Turning Vietnamese, Pt. II: Le’s Sandwiches & CafeDecember 30, 2013 Mick
At the end of November I met Nikki Wolfe from Yelp Charlotte. Given we both love to eat and love to write about eating, we got along well. About halfway through the evening Â our conversation turned to restaurants we enjoy around town. I wanted to know about some of the lesser known spots she’s visited in Charlotte- those places that don’t advertise or are easily overlooked without giving another glance. We’d previously been discussing our love for pho noodle soup spots on South Blvd and Nikki said if I liked Vietnamese food I needed to try Le’s Sandwiches and Cafe on the northside of town.
You’ll love it, she assured me- just watch out for the potholes in the parking lot. “It seriously looks like they’ve been blowing up bombs out there.”
I think Vietnamese food is fantastic but must admit I’d never eaten the popular banh mi sandwiches. So the prospect of trying a new dish from one of my favorite schools of cooking didn’t require much more to stir curiosity into action. Doing a little research online I saw banh mi dominates the menu at Le’s and most Yelpers were throwing out five star ratings and consistent reviews. The all-consuming mob is fickle and five star ratings don’t come easy when everyone is a critic with an online platform. Along with Nikki’s recommendation, all the inspired blurbs about warm, golden baguettes lined with herbs and fresh, pickled vegetables and topped with savory, thin-sliced pork was enough encouragement for me to get on the road.
The location is certainly dicey as aforementioned. Le’s is invisible from Sugar Creek and North Tryon and located in a long neglected Asian shopping mall with a parking lot that is indeed cratered up like Sarajevo in the 90′s. You’ll wonder if you’re in the right spot. Just asking yourself that question confirms you’ve come to the place.
The interior of the mall reminded me of a post-apocalyptic hideout from a horror flick. Duck carcasses hung brown and crispy in the window of the almost vacant Hong Kong BBQ. A guy in a black apron sauntered out of there over to a lawn chair beside a tree starved for deep soil and sunlight. He plopped right down and lit a cigarette in the middle of the mall. I had to stop myself from gawking. A couple spaces down the row, an Asian market had gigantic bags of rice stacked almost to the ceiling. Stores without occupants were sealed like tombs and shrouded with old Vietnamese expat newspapers and grit. Other vacant stores seemed to be occupied by ghosts and spirits as indicated by fresh offerings of food and incense at makeshift shrines. I almost expected to find a section with powdered rhino horn amidst the gallons of acetone and stacks of gauze pads at the salon supply store. They probably print money at that place given all the nail salons polishing feet around Charlotte. It felt as if I teleported overseas into a shopping mall just after an extinction level event. The unfamiliar setting had my hackles up and primed my senses Â which made it a little easier to follow the peppery perfume trail of savory meat, spices, and herbs that lingered in the the wide open halls along the way to Le’s.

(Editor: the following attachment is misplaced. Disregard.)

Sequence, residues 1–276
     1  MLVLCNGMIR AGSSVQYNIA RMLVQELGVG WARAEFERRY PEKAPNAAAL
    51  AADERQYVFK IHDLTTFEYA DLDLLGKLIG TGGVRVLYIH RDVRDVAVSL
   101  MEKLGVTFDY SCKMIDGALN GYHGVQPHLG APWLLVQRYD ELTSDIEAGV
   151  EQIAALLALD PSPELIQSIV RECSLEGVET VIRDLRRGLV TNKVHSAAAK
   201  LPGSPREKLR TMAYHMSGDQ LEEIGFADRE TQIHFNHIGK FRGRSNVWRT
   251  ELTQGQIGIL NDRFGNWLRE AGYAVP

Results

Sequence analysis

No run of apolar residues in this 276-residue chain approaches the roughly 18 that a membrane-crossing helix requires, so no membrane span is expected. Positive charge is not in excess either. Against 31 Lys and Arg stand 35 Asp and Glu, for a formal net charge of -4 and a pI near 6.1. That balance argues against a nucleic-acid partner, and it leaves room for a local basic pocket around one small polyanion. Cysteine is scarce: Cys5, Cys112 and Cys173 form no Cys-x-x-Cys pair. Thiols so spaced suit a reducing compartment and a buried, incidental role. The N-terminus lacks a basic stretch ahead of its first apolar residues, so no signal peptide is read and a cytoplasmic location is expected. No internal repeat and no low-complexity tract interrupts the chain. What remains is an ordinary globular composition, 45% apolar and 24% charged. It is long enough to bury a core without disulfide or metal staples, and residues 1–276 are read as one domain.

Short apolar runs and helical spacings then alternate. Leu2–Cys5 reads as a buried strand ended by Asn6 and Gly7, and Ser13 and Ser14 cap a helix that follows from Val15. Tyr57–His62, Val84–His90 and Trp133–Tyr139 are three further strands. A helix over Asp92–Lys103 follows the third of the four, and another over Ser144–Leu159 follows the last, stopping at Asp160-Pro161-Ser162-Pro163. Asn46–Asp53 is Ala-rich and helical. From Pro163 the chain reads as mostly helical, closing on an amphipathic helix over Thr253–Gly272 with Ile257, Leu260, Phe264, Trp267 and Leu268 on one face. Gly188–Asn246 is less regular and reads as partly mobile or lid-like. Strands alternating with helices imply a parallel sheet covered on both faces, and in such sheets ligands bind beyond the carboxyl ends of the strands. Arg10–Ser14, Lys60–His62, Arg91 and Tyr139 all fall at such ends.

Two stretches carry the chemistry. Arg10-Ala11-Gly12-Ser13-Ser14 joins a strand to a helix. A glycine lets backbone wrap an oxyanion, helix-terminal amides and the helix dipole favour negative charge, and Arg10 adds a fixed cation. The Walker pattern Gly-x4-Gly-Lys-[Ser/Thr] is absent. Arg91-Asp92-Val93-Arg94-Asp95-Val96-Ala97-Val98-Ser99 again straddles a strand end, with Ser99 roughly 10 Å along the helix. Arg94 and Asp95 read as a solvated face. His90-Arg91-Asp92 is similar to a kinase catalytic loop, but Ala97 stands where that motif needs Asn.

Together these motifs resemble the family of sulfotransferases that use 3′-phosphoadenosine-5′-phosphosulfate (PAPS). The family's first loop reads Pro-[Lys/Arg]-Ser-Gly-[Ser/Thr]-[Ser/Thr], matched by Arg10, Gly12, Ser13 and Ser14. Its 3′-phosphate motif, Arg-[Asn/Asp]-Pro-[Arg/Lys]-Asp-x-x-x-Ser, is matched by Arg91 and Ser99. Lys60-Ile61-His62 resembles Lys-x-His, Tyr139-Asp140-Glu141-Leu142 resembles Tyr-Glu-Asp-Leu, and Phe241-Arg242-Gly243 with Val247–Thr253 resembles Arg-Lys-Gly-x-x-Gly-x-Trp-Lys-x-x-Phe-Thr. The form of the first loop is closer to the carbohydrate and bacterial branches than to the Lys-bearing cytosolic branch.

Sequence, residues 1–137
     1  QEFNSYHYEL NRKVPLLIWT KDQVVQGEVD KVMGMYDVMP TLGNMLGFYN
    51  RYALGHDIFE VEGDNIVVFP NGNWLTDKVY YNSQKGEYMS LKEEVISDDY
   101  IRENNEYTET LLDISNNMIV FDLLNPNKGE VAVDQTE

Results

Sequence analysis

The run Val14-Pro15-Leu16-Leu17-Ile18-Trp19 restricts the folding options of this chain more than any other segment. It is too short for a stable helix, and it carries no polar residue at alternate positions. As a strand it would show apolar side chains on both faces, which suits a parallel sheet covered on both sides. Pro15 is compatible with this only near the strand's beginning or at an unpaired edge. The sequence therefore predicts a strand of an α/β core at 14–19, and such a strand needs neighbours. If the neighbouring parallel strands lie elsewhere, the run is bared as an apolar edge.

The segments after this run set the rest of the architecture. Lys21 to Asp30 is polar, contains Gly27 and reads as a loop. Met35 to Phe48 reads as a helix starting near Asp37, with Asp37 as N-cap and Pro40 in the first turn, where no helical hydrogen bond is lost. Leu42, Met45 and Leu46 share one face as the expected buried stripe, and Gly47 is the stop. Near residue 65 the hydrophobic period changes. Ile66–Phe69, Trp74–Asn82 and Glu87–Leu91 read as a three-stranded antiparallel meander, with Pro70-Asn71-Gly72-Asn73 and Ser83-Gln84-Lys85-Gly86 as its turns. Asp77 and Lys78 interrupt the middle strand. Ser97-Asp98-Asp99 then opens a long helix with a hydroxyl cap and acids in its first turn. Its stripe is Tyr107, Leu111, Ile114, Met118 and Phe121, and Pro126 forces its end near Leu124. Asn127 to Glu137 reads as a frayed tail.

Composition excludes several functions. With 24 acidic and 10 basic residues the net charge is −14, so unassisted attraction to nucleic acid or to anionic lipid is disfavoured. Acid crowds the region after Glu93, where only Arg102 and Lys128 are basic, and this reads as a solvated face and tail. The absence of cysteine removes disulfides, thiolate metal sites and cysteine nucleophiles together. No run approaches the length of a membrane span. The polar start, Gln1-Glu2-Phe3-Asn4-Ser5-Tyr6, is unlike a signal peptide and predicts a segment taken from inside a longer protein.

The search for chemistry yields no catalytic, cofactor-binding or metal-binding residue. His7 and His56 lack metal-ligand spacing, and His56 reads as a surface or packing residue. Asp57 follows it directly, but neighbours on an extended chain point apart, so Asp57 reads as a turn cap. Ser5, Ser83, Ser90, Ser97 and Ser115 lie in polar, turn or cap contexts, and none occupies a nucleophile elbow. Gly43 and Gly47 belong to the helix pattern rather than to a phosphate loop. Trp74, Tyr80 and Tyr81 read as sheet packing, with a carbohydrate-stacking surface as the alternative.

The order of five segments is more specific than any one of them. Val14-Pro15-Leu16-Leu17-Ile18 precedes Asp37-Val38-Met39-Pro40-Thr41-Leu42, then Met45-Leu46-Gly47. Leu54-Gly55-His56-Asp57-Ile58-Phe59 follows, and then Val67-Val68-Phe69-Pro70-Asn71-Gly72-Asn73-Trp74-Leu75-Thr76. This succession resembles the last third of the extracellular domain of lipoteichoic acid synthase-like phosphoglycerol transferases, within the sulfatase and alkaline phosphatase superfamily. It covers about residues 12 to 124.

Having never eaten banh mi, I looked up at the sandwich boards overhead in the smal shop and ordered the grilled pork one from the man at the counter. A woman beside him sliced open a long loaf of bread and went about packing it with whatever goodness that came with my order. When the total came to $3.50, I ordered another and a Coke for good measure. Since the other patrons were already seated with their food, my sandwiches came wrapped and warm in about three minutes.
The bread for banh mi reminds me of your usual baguette but with a bit smoother crust and softer interior. I can’t help but wonder if this is a refinement from the influence of French cusine brought during the Gallic occupation of Vietnam. The #6 comes stuffed with thin slices of grilled pork in a sweet marinade underneath a layer of long thin shoestring strips of pickled carrots and onions, jalapeĂ±o slices, and a handful or two of cilantro. The cooling effect of the cilantro helps temper the slow burn of spice radiating from the pickled veggies and peppers. The assortment of textures and flavors stimulating the senses is one of the hallmarks of Vietnamese cuisine and banh mi follows suit with the crunch from the crusty bread and pickled veggies playing off the tender pork and distinct herbal, metallic taste of cilantro.
The smell of the sandwich urged me to stop and eat it on the way to the car but I resisted temptation only to then find myself about halfway through one sandwich by the time I navigated the potholes and pulled out onto North Tryon. The other sandwich was gone before I reached my exit on the Billy Graham Parkway. I’m certainly no expert on banh mi but I know what my brain tells me what is tasty and there was no embellishment in regards to all the five star reviews for Le’s. The way I see it, food is kind of like sex in the sense you don’t need to be a seasoned expert to know it is good. My only regret is not trying two different types of banh mi but this just means I’ll be back to try my sandwich with added pate and then branch out from there.
Go make your way to Le’s. Your wallet and belly will be happy.
Do you know of any other restaurants off the beaten path we should feature?
What else should I eat to help round out my exposure to Vietnamese cuisine?
Sound off in the comments section below.